January 3, 2007

Look At The Sky

I don't notice a lot of people looking at the sky. That's a shame. I think the sky is often quite beautiful. When I get up in the morning, these days it's usually around sunrise (except on days when I'm recovering from a bout of insomnia). On some days I can see a rosy Belt of Venus on top of the Tehachipi mountains. This morning, when I fed the critters, the sky was an astonishing deep blue (as it turned out, the sunrise was obscured by a sandstorm around Llano.

At night, the sky is well worth watching, especially in winter when Orion rules the starry sky. My favorite sight through the telescope is the Great Nebula, which you can almost see with the naked eye on a clear night with no moon out. It's the middle of the three stars in Orion's sword, the one that looks fuzzier than the others. When the moon is out, it's fascinating to examine.

Sunsets are something that more people appreciate -- in part because they happen at ground level. A really good sunset is like a symphony in the sky. It needs a certain amount of haze or other material in the atmosphere, which is normally not a good thing except for at sunset. Then, the entire sky turns into a slowly-graduated slice of the spectrum. A good sunset also needs some clouds, preferably some high-altitude cirrus clouds, wispy and delicate. They catch and reflect the light, looking like so many strands of copper and rose-colored ribbon thrown all over the onrushing dome of the night.

Shadows cast by stationary objects can move so fast around sunrise or sunset that you can, with even a small amount of patience, actually watch them move.

I've also always enjoyed clouds, particularly big cumulus clouds that move and roll and boil and fall all over themselves with the wind. Those we don't get so much here in the desert, but they do come from time to time. Back in Florida, they generate lightning on a regular basis, and a big Florida thunderstorm, with lightning arcing from cloud to cloud as well as down to the ground, is just spellbinding.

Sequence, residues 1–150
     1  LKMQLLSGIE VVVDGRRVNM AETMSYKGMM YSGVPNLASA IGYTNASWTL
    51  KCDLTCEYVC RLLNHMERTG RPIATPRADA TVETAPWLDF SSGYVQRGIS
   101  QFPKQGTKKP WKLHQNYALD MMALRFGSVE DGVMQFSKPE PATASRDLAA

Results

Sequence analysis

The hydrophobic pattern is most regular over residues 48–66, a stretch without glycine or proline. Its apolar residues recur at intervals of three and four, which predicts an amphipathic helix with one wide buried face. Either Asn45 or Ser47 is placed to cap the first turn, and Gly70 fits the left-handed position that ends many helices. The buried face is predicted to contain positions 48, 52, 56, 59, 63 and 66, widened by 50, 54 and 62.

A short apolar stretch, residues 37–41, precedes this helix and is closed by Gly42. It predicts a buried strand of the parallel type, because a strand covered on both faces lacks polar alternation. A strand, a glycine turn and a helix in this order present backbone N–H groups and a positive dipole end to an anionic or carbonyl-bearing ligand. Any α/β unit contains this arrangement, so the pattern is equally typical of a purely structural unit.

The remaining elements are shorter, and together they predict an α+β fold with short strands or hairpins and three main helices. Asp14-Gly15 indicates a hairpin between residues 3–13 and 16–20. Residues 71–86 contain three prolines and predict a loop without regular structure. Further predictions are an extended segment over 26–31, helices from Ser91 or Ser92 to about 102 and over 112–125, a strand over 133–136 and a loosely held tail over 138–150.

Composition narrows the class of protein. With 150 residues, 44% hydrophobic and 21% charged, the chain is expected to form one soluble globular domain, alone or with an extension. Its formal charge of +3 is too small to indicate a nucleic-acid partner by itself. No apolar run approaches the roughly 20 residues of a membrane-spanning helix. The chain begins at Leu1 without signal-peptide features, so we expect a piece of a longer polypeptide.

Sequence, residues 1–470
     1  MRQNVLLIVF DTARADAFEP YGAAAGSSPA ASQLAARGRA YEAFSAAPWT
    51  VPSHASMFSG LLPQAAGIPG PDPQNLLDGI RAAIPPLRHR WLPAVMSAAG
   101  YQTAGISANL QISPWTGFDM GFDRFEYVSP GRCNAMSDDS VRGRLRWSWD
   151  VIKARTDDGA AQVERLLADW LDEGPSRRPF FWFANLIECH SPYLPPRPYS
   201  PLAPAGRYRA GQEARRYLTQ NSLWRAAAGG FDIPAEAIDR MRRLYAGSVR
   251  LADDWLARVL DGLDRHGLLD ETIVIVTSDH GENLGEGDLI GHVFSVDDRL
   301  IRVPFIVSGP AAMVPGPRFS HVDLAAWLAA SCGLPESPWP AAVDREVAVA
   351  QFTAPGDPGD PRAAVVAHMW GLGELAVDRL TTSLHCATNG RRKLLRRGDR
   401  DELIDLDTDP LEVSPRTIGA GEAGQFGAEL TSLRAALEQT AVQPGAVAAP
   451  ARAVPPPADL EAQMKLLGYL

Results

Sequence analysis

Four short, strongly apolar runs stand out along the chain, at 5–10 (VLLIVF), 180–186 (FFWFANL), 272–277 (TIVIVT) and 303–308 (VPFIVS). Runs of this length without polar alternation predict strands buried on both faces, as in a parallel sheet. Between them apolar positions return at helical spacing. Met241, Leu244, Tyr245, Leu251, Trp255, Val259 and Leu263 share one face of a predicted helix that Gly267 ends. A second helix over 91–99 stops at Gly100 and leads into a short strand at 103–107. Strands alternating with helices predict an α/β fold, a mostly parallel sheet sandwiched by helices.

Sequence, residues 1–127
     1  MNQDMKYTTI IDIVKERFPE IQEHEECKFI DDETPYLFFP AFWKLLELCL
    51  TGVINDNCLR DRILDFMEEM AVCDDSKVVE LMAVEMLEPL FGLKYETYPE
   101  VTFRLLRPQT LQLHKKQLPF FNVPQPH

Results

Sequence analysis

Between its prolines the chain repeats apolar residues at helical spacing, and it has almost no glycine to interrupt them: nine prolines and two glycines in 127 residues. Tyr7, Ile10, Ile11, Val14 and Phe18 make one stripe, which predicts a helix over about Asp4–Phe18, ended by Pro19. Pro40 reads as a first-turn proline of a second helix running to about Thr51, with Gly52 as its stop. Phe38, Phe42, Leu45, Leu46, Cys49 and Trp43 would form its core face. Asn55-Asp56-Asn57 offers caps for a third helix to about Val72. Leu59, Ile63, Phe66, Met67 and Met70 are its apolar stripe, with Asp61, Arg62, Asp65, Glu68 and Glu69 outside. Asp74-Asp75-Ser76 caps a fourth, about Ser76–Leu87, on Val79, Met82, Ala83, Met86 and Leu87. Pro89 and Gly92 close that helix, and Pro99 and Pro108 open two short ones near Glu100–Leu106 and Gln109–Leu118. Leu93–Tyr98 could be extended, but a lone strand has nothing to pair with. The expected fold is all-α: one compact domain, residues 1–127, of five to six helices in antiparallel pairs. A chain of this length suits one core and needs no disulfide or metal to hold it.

Here in the High Desert, there are almost always aircraft moving about at reasonably low altitudes. I've seen several F-117's, bizarre-looking angular aircraft painted flat black. They are quiet on approach but very loud after they pass over, making a satisfying screech of jet blast through the desert air. Every once in a while, a B-2 takes off or flies about, and they are indeed impressive to see, both for their mass and the stark contrasts of the near-invisible face profile and the bat-like, triangular silhouette when the plane banks. About two months ago, a V-22 Osprey was flying about, another strange-looking aircraft indeed.

Last night I got a special treat. While out cooking, I looked up to enjoy the stars and see if any planes were moving around. I saw a star moving very fast -- obviously not a high-altitude plane; it was moving much too fast to be that. It grew very bright for about two seconds, and then grew dim again, moving across its arc at an astonishingly fast pace. It could only have been the International Space Station; the brightening and dimming I noticed being the sun reflecting off the solar panels.

I'd like to find time to get up to the Sierras and take the telescope with me. This time of year, that's a very cold proposition, but maybe during the summer. But even when going about day-to-day business, I always try to find time to look at the sky. It brings peace and is frequently a source of awe. It's a shame so many people are so wrapped up in their day-to-day activities that they forget to see the beauty of nature readily available by simply looking up.

1 comment:

Pamela said...

What a beautiful post. Hope you guys are enjoying the New Year!